IT REALLY WAS A CRACKING DEBUT SINGLE (39)

The job I was holding down in the first few years of the 21st century involved long hours, a fair bit of travelling and a requirement to drop things/change plans at very short notice. I loved it, but the downside was that there wasn’t a great deal of leisure time and it was a period when, for instance, I was going to very few football games as my Saturdays and Sundays were precious.

One of the few ways I was able to keep up with new music was through flopping down on a couch and turning on the television to browse through the video music channels, more often than not settling on MTV2 which was best for the sort of indie/alternative nonsense that was my forte.

It was via this medium that I came across this piece of music:-

mp3 : The Raveonettes – Attack of The Ghost Riders

The video was something to be behold, being a horror/ghost/revenge story, shot entirely in black and white with the two singers/performers looking as if they had just stepped off the catwalk of some fashion show in a top class European city. I had no idea who The Raveonettes were – my hunch was that they were American, mistly likely from either NYC or LA – but I made a mental note to buy something the next time I was in a shop. Of course, nowadays I could just press a few keys into a search engine to find out more and then a few minutes later place an order which would come to my house or place of work within a couple of days, but this was the prehistoric era back in 2002……

It was a huge surprise to learn that The Raveonettes were from Denmark. It was less of a surprise to learn that this was their debut single that had been lifted from a mini-album that had crept out a few months previously. The biggest surprise, however, was seeing that the band were on Columbia Records, one of the largest multi-national labels on the planet, although I should have realised that no small and independent label would have been able to fund the promo video:-

The single was issued on 7” vinyl and on CD. Here’s the various, and all highly enjoyable, b-sides:-

mp3 : The Raveonettes – Rebel Invasion
mp3 : The Raveonettes – Go Girl Go
mp3 : The Raveonettes – Demon’s Fire

The Raveonettes blend of surf/garage/indie proved to be reasonably popular, slightly above mere cult status but never gaining full commercial acceptance. Columbia let them go in 2005 after two albums, but there have been six records since, initially released on the Canadian-based Vice Records and more recently on their own Beat Dies label. There’s been some more than decent stuff over the years, but nothing has ever quite grabbed me in the same way as the debut.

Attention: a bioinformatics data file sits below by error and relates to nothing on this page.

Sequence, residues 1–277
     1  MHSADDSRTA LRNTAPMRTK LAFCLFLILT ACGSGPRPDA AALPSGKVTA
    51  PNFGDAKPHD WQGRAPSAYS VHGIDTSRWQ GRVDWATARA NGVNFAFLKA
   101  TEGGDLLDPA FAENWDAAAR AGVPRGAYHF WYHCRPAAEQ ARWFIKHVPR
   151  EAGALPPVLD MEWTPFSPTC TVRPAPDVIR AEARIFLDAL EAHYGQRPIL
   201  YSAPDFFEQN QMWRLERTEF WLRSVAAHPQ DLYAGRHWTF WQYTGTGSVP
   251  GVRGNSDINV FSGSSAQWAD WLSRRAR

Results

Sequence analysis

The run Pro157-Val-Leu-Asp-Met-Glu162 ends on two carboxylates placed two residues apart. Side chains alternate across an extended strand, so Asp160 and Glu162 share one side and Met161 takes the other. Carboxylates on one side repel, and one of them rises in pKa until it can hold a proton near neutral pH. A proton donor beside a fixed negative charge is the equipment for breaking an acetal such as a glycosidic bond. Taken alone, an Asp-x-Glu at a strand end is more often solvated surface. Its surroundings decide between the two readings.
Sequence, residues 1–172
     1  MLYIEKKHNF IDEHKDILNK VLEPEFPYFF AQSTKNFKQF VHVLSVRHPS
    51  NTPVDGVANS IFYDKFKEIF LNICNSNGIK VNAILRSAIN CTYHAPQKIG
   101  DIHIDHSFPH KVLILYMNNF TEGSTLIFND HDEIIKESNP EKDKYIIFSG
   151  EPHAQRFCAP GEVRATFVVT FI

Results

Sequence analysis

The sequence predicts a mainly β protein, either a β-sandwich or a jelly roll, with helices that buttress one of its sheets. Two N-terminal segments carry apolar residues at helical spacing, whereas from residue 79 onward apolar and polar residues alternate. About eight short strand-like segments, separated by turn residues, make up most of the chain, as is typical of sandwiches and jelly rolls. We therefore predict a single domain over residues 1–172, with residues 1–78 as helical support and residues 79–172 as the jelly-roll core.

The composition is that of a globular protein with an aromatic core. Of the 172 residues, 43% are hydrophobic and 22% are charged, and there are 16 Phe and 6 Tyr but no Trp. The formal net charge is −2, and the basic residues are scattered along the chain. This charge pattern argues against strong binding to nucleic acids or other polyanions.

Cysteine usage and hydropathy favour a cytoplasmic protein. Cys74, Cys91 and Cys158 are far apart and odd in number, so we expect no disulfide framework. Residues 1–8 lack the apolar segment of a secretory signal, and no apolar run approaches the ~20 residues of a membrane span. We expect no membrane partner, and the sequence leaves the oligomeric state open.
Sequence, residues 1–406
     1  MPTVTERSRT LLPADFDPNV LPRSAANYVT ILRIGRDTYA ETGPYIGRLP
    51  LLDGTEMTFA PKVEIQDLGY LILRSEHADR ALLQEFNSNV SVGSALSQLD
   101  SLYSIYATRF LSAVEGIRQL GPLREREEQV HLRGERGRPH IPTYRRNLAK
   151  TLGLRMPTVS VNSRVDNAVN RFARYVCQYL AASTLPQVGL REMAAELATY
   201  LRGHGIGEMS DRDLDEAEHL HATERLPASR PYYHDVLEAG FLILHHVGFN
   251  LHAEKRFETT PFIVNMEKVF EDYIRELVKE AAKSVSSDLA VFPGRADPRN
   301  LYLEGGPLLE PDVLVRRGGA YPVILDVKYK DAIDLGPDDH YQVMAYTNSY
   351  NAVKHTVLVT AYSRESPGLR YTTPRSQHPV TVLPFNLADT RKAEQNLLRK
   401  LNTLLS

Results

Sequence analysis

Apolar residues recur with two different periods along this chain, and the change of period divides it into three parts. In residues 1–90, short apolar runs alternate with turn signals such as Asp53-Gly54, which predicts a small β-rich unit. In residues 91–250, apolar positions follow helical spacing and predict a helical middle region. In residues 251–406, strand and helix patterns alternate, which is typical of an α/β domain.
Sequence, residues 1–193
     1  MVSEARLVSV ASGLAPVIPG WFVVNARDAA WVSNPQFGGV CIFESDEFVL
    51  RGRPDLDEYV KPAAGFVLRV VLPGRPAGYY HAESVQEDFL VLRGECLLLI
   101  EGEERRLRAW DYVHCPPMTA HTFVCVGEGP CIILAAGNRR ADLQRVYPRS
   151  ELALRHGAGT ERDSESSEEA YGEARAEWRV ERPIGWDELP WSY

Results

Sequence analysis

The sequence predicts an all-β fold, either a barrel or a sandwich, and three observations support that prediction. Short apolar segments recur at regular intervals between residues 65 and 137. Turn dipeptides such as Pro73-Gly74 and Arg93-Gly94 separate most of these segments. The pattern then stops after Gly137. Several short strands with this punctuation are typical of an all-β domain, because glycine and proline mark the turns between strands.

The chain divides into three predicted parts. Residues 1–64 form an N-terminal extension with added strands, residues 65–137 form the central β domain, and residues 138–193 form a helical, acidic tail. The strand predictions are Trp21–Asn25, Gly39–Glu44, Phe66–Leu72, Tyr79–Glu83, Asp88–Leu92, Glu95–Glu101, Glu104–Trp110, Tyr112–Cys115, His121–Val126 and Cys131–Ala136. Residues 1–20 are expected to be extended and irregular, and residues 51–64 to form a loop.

JC

4 thoughts on “IT REALLY WAS A CRACKING DEBUT SINGLE (39)

  1. I can’t remember what made me buy the album when it came out. Did I hear it on the radio? Did I see something on the telly? Did I hear it in a shop? Or did I just buy it on spec? Whatever, I loved this and was mildly disappointed by the shift to a major key for the follow-up. A great debut certainly. (Although I prefer “Do You Believe Her”.)

  2. Saw them at King Tut’s for the first time around the release of this single and they started and finished with the most incredible cover or the Everly Brothers Everyday, pure white noise and then those lovely harmonies. Never missed them after that. They blew the mixing desk one night, well they didn’t, the condensation in the Hut was so bad that the continual dripping shorted the desk and that was it. I like all of their stuff but they never were as good on record as they were live. When they were touring as a four piece with the jazz drummer and the off his tree other guitarist, Manoj Ramdas they were magic.
    Below is a live version of Everyday from Roskilde not the Wah Wah Hut but you get the jist, it was always loud

    https://app.box.com/s/moem1l68tfk7zwiy1ssle8vqbqz4o5it.

    Btw they had a great run of singles, That Great Love Sound and Dead Sound are my favourites but their Christmas song used by Dobies Garden Centres for an advert, which had me spitting my beer out the first time I saw the add, is brilliant and Ode To LA with the Ronnie Spector guest appearance makes up for the terrible lyrics.

    The Raveonettes, love them, they need to tour again. The last time they were in Glasgow was Oran Mor 7 years ago last Saturday when James Allen joined them on stage

  3. Deserving of substantially more credit than they received. It’s a remarkable skill to take musical influences from one era and make that sound your very own. They achieved it.

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